Reply to
Wolf Kirchmeir


Oh, I see, you thought "avoid railjoints" meant "don't use rail joiners." Sorry, that's not what I meant.

I mean that you should try to cut the flex track pieces so that rail joints fall on straight track.


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Wolf Kirchmeir posted:

Thanks for the info -and also the link! That Cavorite Mine layout is very similar in appearance to what I'm thinking of (except I'm going for more than a circle); A Porter, couple cars and a caboose (plus looks like they have a tender). And how close the train runs by objects and structures with very little clearance, and the overall look, very inspiring. Thanks again!

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Thanks for all the info Wolf. I'm making notes of the info from yours and all the other posts and will put them to good use when the experiments begin. I sincerely appreciate the input and will try to pop back in when I get some test results.

By chance anyone is wondering what this layout I'm dreaming up is about, let me explain:

It started with getting a few small pieces in one of those seasonal Halloween villages. Hallmark has them in the Fall in their Dept.56 line but my budget only allows for the Spooky Town collection that the Michaels craft store chain carries. Not into the big fancy buildings but like the older looking structures and graveyard elements. A lot of this stuff is lighted and some even have animated effects and sound and there's lots of little accessories, some of which light up too. Anyway, I thought about doing a diorama scene with landscaping and such but only if enough people could see it to be worth the work. Since we get about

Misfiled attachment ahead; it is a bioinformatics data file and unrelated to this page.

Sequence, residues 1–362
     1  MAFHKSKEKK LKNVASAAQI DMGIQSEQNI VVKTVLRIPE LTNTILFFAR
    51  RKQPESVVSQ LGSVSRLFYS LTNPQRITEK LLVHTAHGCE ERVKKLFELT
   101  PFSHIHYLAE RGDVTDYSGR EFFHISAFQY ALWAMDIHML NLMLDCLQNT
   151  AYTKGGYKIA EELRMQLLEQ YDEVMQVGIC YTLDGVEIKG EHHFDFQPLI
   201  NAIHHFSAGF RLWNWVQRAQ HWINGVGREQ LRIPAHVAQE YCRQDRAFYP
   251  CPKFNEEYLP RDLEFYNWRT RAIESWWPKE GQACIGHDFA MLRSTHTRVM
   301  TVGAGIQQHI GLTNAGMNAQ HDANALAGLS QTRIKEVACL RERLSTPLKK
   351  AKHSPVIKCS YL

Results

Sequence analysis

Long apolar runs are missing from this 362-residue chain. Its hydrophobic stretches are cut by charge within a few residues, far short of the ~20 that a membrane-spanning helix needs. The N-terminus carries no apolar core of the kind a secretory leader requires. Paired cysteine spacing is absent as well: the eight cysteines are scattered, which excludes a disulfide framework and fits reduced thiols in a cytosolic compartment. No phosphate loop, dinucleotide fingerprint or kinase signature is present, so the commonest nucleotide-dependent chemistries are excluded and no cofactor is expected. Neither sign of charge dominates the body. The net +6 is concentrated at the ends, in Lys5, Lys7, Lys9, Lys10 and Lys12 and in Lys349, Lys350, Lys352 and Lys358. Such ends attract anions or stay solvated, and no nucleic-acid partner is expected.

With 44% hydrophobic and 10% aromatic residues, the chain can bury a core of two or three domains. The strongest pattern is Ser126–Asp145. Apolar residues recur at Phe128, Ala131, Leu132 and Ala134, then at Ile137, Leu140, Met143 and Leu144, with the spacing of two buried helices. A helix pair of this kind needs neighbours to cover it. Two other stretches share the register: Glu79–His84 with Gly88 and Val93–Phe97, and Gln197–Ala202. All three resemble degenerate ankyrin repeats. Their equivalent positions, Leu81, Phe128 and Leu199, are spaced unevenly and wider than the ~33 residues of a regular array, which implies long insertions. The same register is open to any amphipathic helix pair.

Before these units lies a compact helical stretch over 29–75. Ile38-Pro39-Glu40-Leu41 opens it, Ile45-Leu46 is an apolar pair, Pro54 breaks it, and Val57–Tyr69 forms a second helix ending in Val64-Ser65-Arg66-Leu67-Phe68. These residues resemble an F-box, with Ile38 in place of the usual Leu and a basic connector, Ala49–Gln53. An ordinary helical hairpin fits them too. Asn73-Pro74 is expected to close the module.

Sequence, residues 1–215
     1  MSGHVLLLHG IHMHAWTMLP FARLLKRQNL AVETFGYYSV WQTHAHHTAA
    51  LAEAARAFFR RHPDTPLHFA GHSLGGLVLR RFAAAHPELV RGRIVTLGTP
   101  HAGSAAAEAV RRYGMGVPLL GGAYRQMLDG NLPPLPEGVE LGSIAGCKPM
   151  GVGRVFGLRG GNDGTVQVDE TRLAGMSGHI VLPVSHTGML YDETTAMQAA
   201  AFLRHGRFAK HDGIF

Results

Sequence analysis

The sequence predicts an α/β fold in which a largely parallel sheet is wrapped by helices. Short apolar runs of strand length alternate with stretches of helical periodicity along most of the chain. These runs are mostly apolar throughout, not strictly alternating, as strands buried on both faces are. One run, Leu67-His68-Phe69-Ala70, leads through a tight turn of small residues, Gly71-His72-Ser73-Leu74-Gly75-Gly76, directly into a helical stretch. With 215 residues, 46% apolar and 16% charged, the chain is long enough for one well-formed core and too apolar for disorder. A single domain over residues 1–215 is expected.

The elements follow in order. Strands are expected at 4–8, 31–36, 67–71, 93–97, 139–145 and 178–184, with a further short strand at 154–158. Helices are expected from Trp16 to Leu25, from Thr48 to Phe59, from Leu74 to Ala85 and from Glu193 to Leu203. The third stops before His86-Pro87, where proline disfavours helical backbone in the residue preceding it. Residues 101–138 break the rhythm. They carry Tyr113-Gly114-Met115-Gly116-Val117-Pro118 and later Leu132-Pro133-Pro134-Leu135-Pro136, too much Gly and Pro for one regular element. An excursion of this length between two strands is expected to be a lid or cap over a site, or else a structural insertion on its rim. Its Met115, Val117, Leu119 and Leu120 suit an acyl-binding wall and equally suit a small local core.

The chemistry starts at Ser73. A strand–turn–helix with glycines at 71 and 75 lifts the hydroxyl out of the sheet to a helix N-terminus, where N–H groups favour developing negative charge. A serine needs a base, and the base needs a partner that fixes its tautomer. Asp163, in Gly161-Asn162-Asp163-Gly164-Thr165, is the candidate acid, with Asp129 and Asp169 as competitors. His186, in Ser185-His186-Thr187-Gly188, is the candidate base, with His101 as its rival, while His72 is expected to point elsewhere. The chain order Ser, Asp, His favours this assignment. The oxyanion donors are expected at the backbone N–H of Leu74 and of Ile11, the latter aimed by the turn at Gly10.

200 trick or treaters, I decided to fix something up on the porch in a protective case for viewing.

Didn't have time before last Halloween to do that project so rescheduled for 2006 but since then had a thought that running a train through such a scene would be interesting. So the little project got bigger. I like an old fashion, vintage look for Halloween rather than the gore and hollywood commercialized stuff so prevalent today and even the train itself needed to reflect that. That's why I'm going with an old Porter rather than a short diesel variety. Something that looks like it came out of the forgotten backwoods somewhere. The curves in the design go with the unorthodox theme too.

I hope to have part of it winding through dense woods to where you almost only see the lights moving through it at first. It can then pass close to haunted houses and structures, through a graveyard, maybe a small cornfield or pumpkin patch and even into a cave. All with very little lighting to keep it spooky. Each year I'll modify and add to it to keep it interesting. Hopefully it'll be something the kids won't soon forget and who knows, maybe even get them interested in model railroading. :)

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Cool concept!


Carl Arendt's website features "micro layouts". You may not find a plan to suit you, but you'll certainly find inspiration and design ideas!

Take pix of your progress and post them to from time to time. The regulars don't mind the occasional model rr picture there. :-)


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Wolf Kirchmeir (Wolf=A0Kirchmeir) posted:

Thank you! And thanks for the web site (yes; lots of inspiration there) and the suggestion to post pictures at I'd like to do that eventually here too. Not actual pics of course but the urls to click on (I've got an account at PictureTrail where I can store photos).

There's so many possibilities with a haunted railroad layout I'm now thinking of making 2 versions: something simple that will actually be ready by Halloween and then another; the REAL layout, I can work on without having to rush it. When I've accomplished something I'll get some photos. :)